The Aristotelians proposed two possible explanations. One was that the water gave off 'spirits' (a sort of tiny vapor) which filled the space and drove the water down. The other, and most widely accepted argument (offered most strongly by Descartes) was that the space was filled with a substance called aether, which was extremely tenuous and able to flow through tiny pores in the glass tube to fill in the space left by the receding water. The aether, which had been used by Aristotelians to explain how light from far-away stars reaches us through the heavens, was a substance, and so it was able to conduct light and sound. With this, the Aristotelians seemed to have disproven the vacuum and provided their own explanation for the observed phenomena. Things at this stage looked gloomy for the mechanical philosophers who thought there existed a vacuum in the space above the water.

That all began to change when a man by the name of Evangelista Torricelli dared to look at the entire problem from a different angle. In a letter to Michelangelo Ricci, concerning the experiments with the water barometer, he wrote:

Many have said that a vacuum does not exist, others that it does exist in spite of the repugnance of nature and with difficulty; I know of no one who has said that it exists without difficulty and without a resistance from nature. I argued thus: If there can be found a manifest cause from which the resistance can be derived which is felt if we try to make a vacuum, it seems to me foolish to try to attribute to vacuum those operations which follow evidently from some other cause; and so by making some very easy calculations, I found that the cause assigned by me (that is, the weight of the atmosphere) ought by itself alone to offer a greater resistance than it does when we try to produce a vacuum. (Torricelli)

It was traditionally thought (especially by the Aristotelians) that the air did not have lateral weight - that is, that the miles of air above us don't weigh down on the air at our level. Even Galileo had accepted the weightlessness of air as a simple truth. Torricelli questioned that assumption, and instead proposed that the air had weight, and that it was the weight of the air (not the attractive force of the vacuum) which held (or rather, pushed) up the column of water. He thought that the level the water stayed at (thirty-four feet) was reflective of the force of the air's weight pushing on it (specifically, pushing on the water in the basin and thus limiting how much water can fall from the tube into it). In other words, he viewed the barometer as a balance, an instrument for measurement (as opposed to merely being an instrument to create a vacuum), and because he was the first to view it this way, he is traditionally considered the inventor of the barometer (in the sense in which we use the term now).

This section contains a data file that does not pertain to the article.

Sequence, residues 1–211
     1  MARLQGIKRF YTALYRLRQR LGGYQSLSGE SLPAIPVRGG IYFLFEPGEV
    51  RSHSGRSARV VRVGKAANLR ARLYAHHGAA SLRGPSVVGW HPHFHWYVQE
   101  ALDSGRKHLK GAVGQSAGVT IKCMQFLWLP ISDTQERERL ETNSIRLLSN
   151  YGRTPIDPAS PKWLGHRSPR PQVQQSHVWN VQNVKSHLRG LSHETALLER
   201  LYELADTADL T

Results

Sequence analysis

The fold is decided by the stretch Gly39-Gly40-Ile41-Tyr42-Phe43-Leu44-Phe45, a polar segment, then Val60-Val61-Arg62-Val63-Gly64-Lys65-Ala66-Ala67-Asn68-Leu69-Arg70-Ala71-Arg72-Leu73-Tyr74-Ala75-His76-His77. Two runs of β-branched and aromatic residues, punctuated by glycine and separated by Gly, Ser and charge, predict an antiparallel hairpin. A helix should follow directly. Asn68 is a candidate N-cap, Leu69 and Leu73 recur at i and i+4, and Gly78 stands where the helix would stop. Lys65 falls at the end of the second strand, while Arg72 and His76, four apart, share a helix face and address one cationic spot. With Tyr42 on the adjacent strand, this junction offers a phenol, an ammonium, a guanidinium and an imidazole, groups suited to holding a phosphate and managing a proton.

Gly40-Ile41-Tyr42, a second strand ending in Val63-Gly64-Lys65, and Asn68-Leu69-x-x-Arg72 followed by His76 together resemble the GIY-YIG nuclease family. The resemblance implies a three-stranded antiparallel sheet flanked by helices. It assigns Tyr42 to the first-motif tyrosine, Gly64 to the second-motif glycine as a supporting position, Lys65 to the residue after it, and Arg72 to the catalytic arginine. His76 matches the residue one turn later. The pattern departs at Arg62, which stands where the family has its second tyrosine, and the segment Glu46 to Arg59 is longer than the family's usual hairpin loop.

If Torricelli was right about the weight of the air being the cause of the observed effects in the barometer, then a substance heavier than water should fall further in the tube than water did (that is, it should stand lower than thirty-four feet). The idea of using a heavier liquid was probably not Torricelli's own: Magiotti (who had witnessed Berti's original experiment) later on claimed to have suggested in a letter to Torricelli that if sea water had been used, it would have stood lower in the tube; and Galileo (of whom Torricelli was briefly a student) himself may have suggested that other substances (including wine and mercury) would stop at a higher or lower level in a pump or siphon than water did (Middleton 22). Regardless of who came up with the idea, Torricelli was the first to seriously take it up as an experiment, and he shared his predictions of what would happen if mercury were used in a barometer with his close friend Vincenzio Viviani. Early in 1644, Viviana carried out Torricelli's experiment, and it was seen that the mercury (which was known to be fourteen times heavier than water) stopped flowing into the basin when the level in the tube reached a height fourteen times smaller than that at which water stopped (Middleton 23-30). Thus, Torricelli's ideas that the weight of the air from the atmosphere caused the liquid to stop falling seemed to be confirmed.